Our government recognizes affordable access to prescription drugs is a challenge for some Canadians. For too many, existing drug coverage programs are not working. Our government welcomed the report of the Parliamentary Budget Officer on the federal cost of a national pharmacare program and the Standing Committee on Health's extensive study of this issue.
Budget 2017 provided $140.3 million over five years and $18.2 million ongoing annually for Health Canada and other federal agencies to lower drug prices and improve access to prescription drugs. As part of that work, the government is proposing amendments to the patented medicines regulations that would give the Patented Medicine Prices Review Board the tools and information needed to protect all Canadians from excessive patented drug prices.
Our government has also worked to lower drug costs through the pan-Canadian pharmaceutical alliance. By combining the bargaining power of federal, provincial and territorial governments, the pan-Canadian Pharmaceutical Alliance saved over $1.3 billion in 2017 through price reductions for patented and generic drugs.
We have worked to improve access to orphan drugs by launching the regulatory review of drugs and devices initiative. This is a major effort to improve the availability of prescription drugs, including drugs for rare diseases.
Our government also recognizes inappropriate prescribing of medications creates risks and unnecessary waste in the health care system. To remedy this, we are working with partners to promote best practices in prescribing and use of drugs.
Finally, budget 2018 announced the creation of the advisory council on the implementation of national pharmacare. Chaired by Dr. Eric Hoskins, this council will evaluate a range of options and provide recommendations on how to implement national pharmacare in a manner that is affordable for Canadians and their families, employers and governments. It will report to the federal ministers of health and finance and is expected to deliver its advice in the spring of 2019.
The measures I have outlined here today in regard to the council and improving affordability, accessibility and appropriate prescribing are significant. They have the potential to move Canada toward a more sustainable and responsive pharmaceutical management system, no matter what form it takes in the end.
View John Oliver Profile
Lib. (ON)
View John Oliver Profile
2019-01-28 18:38 [p.24929]
Mr. Speaker, our government has demonstrated its commitment to improving the accessibility and affordability of prescription drugs, including joining with provinces and territories to negotiate drug prices through the pan-Canadian pharmaceutical alliance, but we recognize that there is an opportunity to do even more.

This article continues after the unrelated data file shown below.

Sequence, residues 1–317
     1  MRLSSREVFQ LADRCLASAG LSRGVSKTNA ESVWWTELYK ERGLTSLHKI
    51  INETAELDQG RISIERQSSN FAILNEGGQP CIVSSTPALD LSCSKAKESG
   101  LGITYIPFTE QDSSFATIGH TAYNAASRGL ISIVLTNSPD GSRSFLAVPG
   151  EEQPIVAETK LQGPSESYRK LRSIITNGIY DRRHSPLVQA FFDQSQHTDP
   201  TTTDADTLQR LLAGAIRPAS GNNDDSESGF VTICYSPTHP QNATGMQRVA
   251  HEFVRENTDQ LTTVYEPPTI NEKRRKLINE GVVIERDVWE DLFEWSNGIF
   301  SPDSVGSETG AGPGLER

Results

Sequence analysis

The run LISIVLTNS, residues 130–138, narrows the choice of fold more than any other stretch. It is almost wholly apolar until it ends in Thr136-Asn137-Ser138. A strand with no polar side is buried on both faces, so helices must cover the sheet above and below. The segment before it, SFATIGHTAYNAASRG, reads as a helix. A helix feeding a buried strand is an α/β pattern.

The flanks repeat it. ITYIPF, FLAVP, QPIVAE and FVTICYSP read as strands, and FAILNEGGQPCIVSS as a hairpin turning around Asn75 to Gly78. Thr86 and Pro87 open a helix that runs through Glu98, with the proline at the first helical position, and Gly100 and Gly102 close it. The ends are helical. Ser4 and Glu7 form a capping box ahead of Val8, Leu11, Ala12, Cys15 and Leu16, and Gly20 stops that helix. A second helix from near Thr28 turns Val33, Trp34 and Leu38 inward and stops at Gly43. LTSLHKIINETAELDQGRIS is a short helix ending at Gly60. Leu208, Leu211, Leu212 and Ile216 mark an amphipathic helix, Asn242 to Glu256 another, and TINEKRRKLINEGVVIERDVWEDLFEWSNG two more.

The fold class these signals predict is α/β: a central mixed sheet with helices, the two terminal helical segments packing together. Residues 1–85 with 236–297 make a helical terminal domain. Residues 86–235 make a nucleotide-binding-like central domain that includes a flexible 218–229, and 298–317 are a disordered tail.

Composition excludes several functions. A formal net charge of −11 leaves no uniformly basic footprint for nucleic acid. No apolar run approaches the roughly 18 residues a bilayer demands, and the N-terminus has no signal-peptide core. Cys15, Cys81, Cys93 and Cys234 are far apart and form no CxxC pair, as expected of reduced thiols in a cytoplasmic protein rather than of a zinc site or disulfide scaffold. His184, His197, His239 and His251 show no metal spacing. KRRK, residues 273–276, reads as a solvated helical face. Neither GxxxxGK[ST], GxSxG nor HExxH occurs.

The advisory council on the implementation of national pharmacare is engaging with Canadians and assessing options to provide our government with independent advice on how best to implement a national pharmacare program in a manner that is affordable for Canadians, employers and governments. The work of the council will be fundamental in ensuring that Canadians have access to the drug therapies they need at an affordable cost. I look forward to the council's final report next spring, which will guide the government in moving forward on national pharmacare.
View John Oliver Profile
Lib. (ON)
View John Oliver Profile
2019-01-28 18:53 [p.24931]
Mr. Speaker, our priority since the beginning of NAFTA negotiations has always been to get a good deal for Canadian workers, businesses and families. I am proud to say that with the new Canada-United States-Mexico agreement, our government stood firm and secured that good deal for Canada.
This agreement will be good for our economy, good for Canadian families and good for the middle class. It will safeguard more than $2 billion a day in cross-border trade and tariff-free access for more than 70% of Canadian exports. The new NAFTA agreement reinforces the strong economic ties between Canada, Mexico and the United States, while also recognizing the importance of inclusive trade by including key outcomes in areas such as labour and the environment, as well as gender and indigenous peoples. It preserves Canada's preferential access to the U.S. market, while updating and modernizing the old NAFTA agreement in areas such as digital trade, telecommunications and anti-corruption. Importantly, it means Canadian workers and their families will enjoy greater opportunities than ever before.
The member opposite will be happy to know that with the new NAFTA agreement, we have the strongest labour chapter of any trade agreement that Canada is party to. The agreement's labour chapter aims to level the playing field on labour standards and working conditions in North America, and contains commitments to ensure that national laws and policies provide protection for fundamental principles and rights at work. The new agreement also contains enforceable provisions that protect women's rights, minority rights and indigenous rights, and environmental protections that are the strongest in any Canadian trade agreement to date.
The comprehensive environment chapter includes ambitious environmental provisions, including core obligations for parties to maintain high levels of environmental protection and robust environmental governance. It also introduces new commitments to address global environmental challenges, such as illegal wildlife trade, illegal fishing and the depletion of fish stocks, species at risk, conservation of biological diversity, ozone-depleting substances and marine pollution.